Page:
Anesthesiologists are accusing Fraser Health of playing “musical operating rooms” by opening brand new ORs at the new $237-million Jim Pattison Outpatient Care and Surgery Centre while simultaneously closing other ORs at nearby Surrey Memorial Hospital.
An ongoing shortage of anesthesiologists has kept the region’s hospitals from opening more ORs and they continue to wrestle with lengthy backlogs for elective surgeries.
Only two of the six new ORs in the just-opened outpatient hospital are being used initially and they are in effect transferred from SMH, which drops from 10 staffed ORs (out of 13 available) to eight.
That triples the number of empty ORs sitting unused in Surrey from three to nine, according to Dr. Roland Orfaly, spokesperson for B.C.’s Coalition of Anesthesiologists for Change.
“The opening of ORs at the Jim Pattison Centre is just a charade to protect the reputation of the politicians,” Orfaly said, calling the empty ORs expensive storage rooms.
“In terms of dealing with the backlog of patients waiting for surgery, all those capital dollars will have no effect until B.C. improves its ability to recruit and retain more anesthesiologists.”
He said the failure to recruit more staff means there’s no net improvement in surgery at the two facilities, and possibly a reduction because the Jim Pattison ORs are now available only for day surgery, rather than the more urgent cases those staff sometimes treated at SMH.
“There’s now less access for major surgery than there was before,” said Orfaly, who lives in Surrey and works at Royal Columbian Hospital.
Fraser Health officials say the plan all along has been to initially transfer surgical staff, anesthesiologists and patients to the outpatient hospital from SMH, helping decongest the main hospital.
Dr. Peter Blair, the region’s program medical director for surgery, confirmed there is no net increase in surgical capacity for now – due to the shortage of anesthesiologists.
“There will be when we get all the ORs running,” he said.
Recruitment efforts continue, he said, adding Fraser Health has just hired one new anesthesiologist to start in July and hopes to recruit three more.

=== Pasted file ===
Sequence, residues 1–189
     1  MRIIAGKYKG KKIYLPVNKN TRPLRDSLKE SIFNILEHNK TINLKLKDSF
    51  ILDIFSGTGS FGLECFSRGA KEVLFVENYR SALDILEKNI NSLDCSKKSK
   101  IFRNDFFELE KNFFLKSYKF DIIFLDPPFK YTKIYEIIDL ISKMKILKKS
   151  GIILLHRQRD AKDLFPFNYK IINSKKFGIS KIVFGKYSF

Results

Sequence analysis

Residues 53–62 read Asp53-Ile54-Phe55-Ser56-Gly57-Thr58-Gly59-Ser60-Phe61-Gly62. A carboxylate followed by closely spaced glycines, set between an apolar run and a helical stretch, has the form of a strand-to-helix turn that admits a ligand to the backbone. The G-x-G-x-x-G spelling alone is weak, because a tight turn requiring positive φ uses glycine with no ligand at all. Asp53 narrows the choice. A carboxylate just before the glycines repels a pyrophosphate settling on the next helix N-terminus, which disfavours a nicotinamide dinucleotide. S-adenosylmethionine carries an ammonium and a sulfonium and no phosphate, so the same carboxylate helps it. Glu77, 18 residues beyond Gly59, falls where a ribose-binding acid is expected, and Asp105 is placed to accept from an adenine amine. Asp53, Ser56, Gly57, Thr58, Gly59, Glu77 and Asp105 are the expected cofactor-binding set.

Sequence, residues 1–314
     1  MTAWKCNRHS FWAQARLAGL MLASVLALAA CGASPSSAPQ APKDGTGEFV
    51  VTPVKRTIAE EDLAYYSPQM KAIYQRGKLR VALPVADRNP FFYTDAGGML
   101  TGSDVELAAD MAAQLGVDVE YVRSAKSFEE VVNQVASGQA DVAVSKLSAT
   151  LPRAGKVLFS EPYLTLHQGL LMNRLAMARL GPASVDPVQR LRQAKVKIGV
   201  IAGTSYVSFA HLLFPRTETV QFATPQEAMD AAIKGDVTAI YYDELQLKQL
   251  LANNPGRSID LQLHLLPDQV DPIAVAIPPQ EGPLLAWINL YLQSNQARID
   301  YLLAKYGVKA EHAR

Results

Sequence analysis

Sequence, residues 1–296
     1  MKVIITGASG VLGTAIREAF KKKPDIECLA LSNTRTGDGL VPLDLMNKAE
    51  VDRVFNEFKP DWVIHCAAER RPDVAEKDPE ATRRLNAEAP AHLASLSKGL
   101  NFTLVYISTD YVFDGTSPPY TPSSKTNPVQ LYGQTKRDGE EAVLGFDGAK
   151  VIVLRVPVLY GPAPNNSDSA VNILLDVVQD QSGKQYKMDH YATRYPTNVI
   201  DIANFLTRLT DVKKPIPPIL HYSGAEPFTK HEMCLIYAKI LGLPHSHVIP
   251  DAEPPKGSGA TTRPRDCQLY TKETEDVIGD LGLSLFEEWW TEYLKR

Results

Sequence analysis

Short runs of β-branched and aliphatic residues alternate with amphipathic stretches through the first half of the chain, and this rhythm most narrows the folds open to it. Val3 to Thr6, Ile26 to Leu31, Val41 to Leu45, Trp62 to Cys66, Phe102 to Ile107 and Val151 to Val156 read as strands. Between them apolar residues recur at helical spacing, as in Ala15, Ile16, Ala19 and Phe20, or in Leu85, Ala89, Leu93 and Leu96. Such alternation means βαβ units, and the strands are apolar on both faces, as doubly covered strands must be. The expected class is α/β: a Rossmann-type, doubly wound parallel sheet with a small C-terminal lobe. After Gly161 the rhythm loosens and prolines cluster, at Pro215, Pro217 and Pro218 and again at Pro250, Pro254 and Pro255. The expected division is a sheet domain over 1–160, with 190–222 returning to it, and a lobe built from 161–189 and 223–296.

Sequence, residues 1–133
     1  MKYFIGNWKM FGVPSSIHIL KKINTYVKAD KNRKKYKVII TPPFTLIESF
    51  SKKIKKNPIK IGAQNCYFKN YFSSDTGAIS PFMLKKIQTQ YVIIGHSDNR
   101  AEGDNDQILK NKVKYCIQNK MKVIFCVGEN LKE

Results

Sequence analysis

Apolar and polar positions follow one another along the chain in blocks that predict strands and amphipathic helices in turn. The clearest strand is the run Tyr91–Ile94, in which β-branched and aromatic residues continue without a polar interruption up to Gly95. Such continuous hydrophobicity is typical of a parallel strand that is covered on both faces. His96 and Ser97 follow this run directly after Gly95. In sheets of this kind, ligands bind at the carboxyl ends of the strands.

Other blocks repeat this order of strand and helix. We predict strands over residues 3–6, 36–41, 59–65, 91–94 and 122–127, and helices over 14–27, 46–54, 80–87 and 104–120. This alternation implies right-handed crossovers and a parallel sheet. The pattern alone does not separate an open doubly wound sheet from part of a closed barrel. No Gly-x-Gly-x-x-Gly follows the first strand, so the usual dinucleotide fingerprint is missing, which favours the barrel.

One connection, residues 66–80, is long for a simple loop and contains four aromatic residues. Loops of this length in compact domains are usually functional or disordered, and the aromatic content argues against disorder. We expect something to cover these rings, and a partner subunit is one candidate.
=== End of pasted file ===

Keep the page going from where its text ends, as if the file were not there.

If successful, two would go to Royal Columbian Hospital while another two would allow Fraser Health to start running four ORs at the Surrey outpatient hospital starting this fall.
Blair stressed Fraser Health has all the money it needs to operate the Jim Pattison outpatient centre as planned.
He said the health authority has no control over the number of anesthesiologists who opt to work in the region, noting they are paid through the Medical Services Plan.
The anesthesiologists agree Fraser Health’s hands are tied.
They say the province needs to spend more on their pay and supports in order to recruit more anaesthesiologists, ease the shortage and open more ORs.
Their counterparts in some other parts of Canada are paid twice as much, Orfaly said.
“When Fraser Health tries to recruit, the response is ‘I’m not moving to B.C. and taking a 50-per-cent pay cut,'” Orfaly said. “If government can’t address that underlying problem, this is going to continue.”
They also say the government could hire anesthesia assistants to help with the workload and make ORs run more efficiently.
Orfaly’s outspoken coalition of anesthesiologists are mostly also members of the broader B.C. Anesthesiology Society, but feel it has been too restrained in criticizing the provincial government.
Orfaly predicts more OR closures at hospitals across the region this summer, causing more cancelled surgeries and lengthening waits for treatment.
“There will be hundreds of OR slates cancelled across Fraser Health this summer due to the anesthesiologist shortage, meaning thousands of surgeries,” he predicted.